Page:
Dwarf satellites of massive galaxies are a probe of many issues in galaxy evolution and cosmology, including the nature of low-mass galaxies, star formation at early times, accretion into halos, and the abundance of low-mass dark matter halos. Much attention has been devoted to the number and nature of Milky Way and M31 dwarf satellites, especially the “missing satellites problem.” However, we know very little about dwarf satellites outside the Local Group below the mass of the LMC, and we don’t know if the MW and M31 satellite systems are typical. The SAGA (Satellites Around Galactic Analogs) survey collaboration aims to address this with both observational and theoretical studies of satellite abundances and properties around Milky Way analog central galaxies. I will present results from our MMT/Hectospec wide field spectroscopic surveys for satellites. We have surveyed the fields of several nearby galaxies that are similar to the Milky Way to detect and spectroscopically confirm dwarf satellites.  We find a range of numbers of satellites, suggesting that there is a significant variance in halo histories.  We also find that not all dwarf systems resemble the Milky Way and M31 systems. I will discuss these results and some of the implications on the life cycle of satellites that we can infer from satellite abundances and properties, including their images and spectra.

 

Oct
16
Fri
Colloquium: Doug Biesecker
Oct 16 @ 3:15 pm – 4:15 pm
Colloquium: Doug Biesecker @ BX102

Why Space Weather Matters and How Forecasting Will Improve in the DSCOVR Era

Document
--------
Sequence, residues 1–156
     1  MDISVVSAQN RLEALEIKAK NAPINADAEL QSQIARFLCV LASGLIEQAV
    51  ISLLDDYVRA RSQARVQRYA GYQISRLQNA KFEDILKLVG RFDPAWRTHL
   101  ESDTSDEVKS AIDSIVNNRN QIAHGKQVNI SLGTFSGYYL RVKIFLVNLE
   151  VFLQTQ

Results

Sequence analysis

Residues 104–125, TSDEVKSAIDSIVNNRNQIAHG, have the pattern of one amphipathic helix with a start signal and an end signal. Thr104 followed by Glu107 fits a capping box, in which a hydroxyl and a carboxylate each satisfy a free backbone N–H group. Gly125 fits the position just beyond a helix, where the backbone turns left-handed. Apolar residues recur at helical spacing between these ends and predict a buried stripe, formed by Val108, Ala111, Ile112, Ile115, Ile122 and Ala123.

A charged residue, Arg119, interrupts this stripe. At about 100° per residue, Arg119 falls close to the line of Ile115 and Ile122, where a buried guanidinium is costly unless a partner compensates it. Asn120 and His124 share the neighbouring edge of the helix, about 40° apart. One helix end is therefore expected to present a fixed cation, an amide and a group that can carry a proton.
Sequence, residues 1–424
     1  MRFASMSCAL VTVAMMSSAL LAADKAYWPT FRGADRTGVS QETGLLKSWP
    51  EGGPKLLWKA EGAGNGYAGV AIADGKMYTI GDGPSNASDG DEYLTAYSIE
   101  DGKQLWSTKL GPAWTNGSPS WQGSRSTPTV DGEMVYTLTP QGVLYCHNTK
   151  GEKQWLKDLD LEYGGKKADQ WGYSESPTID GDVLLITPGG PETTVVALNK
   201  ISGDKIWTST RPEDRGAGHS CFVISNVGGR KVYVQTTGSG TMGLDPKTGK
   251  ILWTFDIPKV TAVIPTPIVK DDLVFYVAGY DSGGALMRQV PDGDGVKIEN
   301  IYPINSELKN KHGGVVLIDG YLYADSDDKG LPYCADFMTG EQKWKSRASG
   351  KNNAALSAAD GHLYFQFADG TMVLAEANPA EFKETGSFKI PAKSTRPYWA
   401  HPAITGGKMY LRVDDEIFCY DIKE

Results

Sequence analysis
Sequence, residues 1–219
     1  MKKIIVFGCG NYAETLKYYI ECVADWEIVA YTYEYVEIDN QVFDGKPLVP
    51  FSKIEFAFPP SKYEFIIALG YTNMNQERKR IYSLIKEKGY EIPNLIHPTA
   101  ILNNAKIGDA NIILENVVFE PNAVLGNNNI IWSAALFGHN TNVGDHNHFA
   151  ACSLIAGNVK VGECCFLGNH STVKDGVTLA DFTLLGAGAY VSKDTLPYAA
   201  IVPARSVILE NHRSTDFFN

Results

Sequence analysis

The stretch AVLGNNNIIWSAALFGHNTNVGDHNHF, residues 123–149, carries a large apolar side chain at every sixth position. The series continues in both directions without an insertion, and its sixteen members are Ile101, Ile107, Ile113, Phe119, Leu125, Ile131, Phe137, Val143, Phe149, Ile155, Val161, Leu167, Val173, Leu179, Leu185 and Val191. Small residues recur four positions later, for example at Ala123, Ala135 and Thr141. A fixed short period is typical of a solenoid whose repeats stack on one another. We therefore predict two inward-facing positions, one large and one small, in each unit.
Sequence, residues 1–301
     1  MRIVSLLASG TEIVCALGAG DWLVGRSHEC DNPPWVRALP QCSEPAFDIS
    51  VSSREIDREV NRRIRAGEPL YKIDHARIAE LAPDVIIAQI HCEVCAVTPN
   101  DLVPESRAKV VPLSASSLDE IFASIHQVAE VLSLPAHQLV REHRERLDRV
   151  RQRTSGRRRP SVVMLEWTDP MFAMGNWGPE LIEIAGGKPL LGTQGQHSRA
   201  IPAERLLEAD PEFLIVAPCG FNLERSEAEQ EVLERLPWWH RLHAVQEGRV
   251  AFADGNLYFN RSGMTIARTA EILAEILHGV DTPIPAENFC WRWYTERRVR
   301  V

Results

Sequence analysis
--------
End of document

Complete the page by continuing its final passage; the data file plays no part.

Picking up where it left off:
Doug Biesecker, NOAA/NWS/Space Weather Prediction Center

Space Weather is a growing enterprise, with growing recognition of its importance inside and outside government.  The largest concern is with the electric power grid, but impacts to Global Positioning Systems (GPS) are also significant.  Other areas of impact include satellites and human space flight, and high frequency communication for aviation, mariners, and emergency responders, among many.  The NOAA National Weather Service’s Space Weather Prediction Center (SWPC) is the nation’s official source of space weather watches, warnings and alerts.  SWPC does this with a 24×7 staffed operation that monitors the Sun, solar wind, and geospace environment taking advantage of a broad suite of observations and models to provide the best forecasts possible.  In conjunction with the growing recognition of space weather, NOAA launched its first mission, the Deep Space Climate Observatory (DSCOVR), out of the Earth’s orbit to an orbit about the L1 Lagrange point.  This is also NOAA’s first satellite mission where space weather is the primary mission and DSCOVR marks the first of what is expected to be a long series of space weather monitoring satellites.  NOAA is also bringing numerical space weather models into the mix of models running on the nation’s supercomputers.  Numerical space weather models have demonstrated the ability to improve the onset time of space weather storms and will, for the first time, allow regional geomagnetic forecasting.  Instead of describing conditions on Earth with a single number, customers will have forecasts tailored to their location.